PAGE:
It was also at this time that O’Brien attempted to use her text messages, emails, pictures, and videos from her encounters with senior ranking Green Berets to blackmail them into helping her get her job back as the Group secretary. Special favors may have been exchanged earlier on, but now the investigation was too big and out of the hands of the Colonels and Sergeants Major who may have helped her beforehand.
Placed on leave with a suspended security clearance, Jenn began working up a hit list of men that she was going to take down with her. She carefully controlled the flow of blackmail material up until the time that it became apparent that she would not be getting her job back. At that point, O’Brien made claims to unit members that she had a “silver bullet” that could “bring down the entire Red Empire,” referring 7th Special Forces Group’s nickname.
In early November of 2017, Command Sergeant Major Brian Rarey was removed as the senior enlisted soldier in 1st Special Forces Command. He had been one of the names on O’Brien’s hit list. Suddenly, it made sense why Special Forces Command had stymied the investigation into O’Brien. It would have been a question of self-preservation for the unit’s Command Sergeant Major and potentially many others in echelons above 7th Group. The investigation did not just ensnare Rarey but also Dave Bowling, Jason Sartori, and a half dozen senior Special Forces officers who compromised themselves with O’Brien. Some have gone on to high-level positions, including at the Pentagon. In the end, Colonel Ball was the only one who tried to get rid of O’Brien while the vast majority of senior NCOs and Officers in 7th Group tried to cover up scandal after scandal surrounding O’Brien and the men she slept with.
For the men of 7th Special Forces Group, the actions of their senior leaders came across as a double standard. Their officers and senior NCOs were exposed as hypocritical leaders who would lecture the enlisted men about discipline and punish them for indiscretions, while they themselves were setting a negative example with illicit affairs, covering up for their buddies, engaging in physical abuse against women, and more; all without any fear of punishment until their activities finally spun outside their control and could not be kept under wraps any longer.
For instance, Dave Bowling went on to be Major General Kraft’s S3 Officer in Iraq in as a part of Operation Inherent Resolve (OIR) in 2015.
For many of the witnesses and bystanders at 7th Special Forces Group, the entire episode is emblematic of the culture that exists in their unit. Covering down on the SOUTHCOM Area of Responsibility which includes Central and South America, these Green Berets are often exposed to women in foreign cultures where casual sex is not as taboo as it is for soldiers assigned to say, 5th Special Forces Group that covers the Middle East. Take, for example, the story about 7th Special Forces Group soldiers in Colombia that emerged after a Secret Service agent refused to pay a prostitute.
That said, others feel that this is a naïve point of view and that the issue is one of Special Forces culture more than any particular area of operation. One female soldier pointed towards a team house that was frequently visited by Kurdish prostitutes in Iraq for instance. Temptations will always present themselves to deployed soldiers. A former Special Forces officer was even more blunt about this subject saying that these Green Berets, “married young and now their wife is fat and they think they are a ‘pipe hitter’ and can do whatever they want.”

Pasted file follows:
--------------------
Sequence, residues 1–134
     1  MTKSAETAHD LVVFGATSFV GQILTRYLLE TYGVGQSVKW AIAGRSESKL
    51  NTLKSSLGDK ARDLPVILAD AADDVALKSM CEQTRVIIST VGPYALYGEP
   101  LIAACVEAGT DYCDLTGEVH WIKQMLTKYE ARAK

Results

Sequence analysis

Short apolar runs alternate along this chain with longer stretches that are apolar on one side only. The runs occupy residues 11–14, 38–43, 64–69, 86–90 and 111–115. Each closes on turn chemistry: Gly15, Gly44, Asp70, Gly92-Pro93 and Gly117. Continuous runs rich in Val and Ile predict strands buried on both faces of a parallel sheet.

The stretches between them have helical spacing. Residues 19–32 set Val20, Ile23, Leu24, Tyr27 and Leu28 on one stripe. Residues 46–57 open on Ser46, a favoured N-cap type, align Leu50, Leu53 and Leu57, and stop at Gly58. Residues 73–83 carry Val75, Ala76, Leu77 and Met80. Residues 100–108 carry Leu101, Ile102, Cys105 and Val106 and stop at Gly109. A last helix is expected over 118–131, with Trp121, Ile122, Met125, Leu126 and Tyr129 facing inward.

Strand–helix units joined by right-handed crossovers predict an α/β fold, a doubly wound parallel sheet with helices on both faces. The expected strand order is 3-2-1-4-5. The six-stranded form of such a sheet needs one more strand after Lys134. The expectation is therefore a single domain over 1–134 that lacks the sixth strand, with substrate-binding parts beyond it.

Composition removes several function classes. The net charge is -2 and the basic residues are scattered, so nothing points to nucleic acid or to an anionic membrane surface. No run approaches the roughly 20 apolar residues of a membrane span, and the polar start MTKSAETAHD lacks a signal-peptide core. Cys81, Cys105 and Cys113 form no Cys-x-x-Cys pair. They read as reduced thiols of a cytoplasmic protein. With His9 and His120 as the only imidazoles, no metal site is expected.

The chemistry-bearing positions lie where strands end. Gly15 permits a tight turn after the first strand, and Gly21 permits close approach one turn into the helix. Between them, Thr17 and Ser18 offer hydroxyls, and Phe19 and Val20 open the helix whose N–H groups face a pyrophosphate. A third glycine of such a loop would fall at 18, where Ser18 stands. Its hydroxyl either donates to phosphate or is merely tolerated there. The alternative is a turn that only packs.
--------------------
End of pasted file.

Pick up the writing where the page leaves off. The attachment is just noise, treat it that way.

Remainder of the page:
O’Brien wrote that, “I have been publicly humiliated and slut-shamed when my personal emails and intimate pictures were printed and included in an official investigation by a Command with a personal vendetta, hell-bent on firing a tenured civil servant.” The pictures and emails she referred to would have been included in the 15-6 investigation as evidence. However, O’Brien is also commenting on how 7th Group maintained a “good old boys” club. One source with knowledge of the scandal told NEWSREP that she thinks the behavior of these Green Berets is largely ego driven. “They think they are better than everyone else and have never gotten caught. I think 7th Group takes it further [than other Special Forces Groups] with infidelity. A lot of it probably has to do with where they go, South and Central America.”
While she was fired, other officers and senior enlisted leaders remain in their positions. At the very worst, they are allowed to retire quietly. O’Brien was both a victim who suffered physical abuse but also a cunning player who aggressively sought out sexual relationships with multiple men at her workplace and then attempted to use those relationships as leverage. She may have broken regulations, if not the law, but she certainly was not the only one. A small army of all-too-willing Green Berets was right there with her.
At this time, the investigation into O’Brien and at least seven officers involved with her continues. NEWSREP filed a Freedom of Information Act request for the multiple 15-6 investigations that have been carried out in regards to Jenn O’Brien and her associates but was told by USASOC that they could probably never be released due to privacy concerns but that their response was currently sitting with their JAG office. USASOC also stated that they destroy 15-6 investigations after three years, eliminating paper trails. NEWSREP also contacted USASOC’s Public Affairs Officer who said that they could not comment on an ongoing investigation. NEWSREP reached out to Dave Bowling, Brian Rarey, and Jenn O’Brien, who did not reply to inquiries prior to the publication of this article.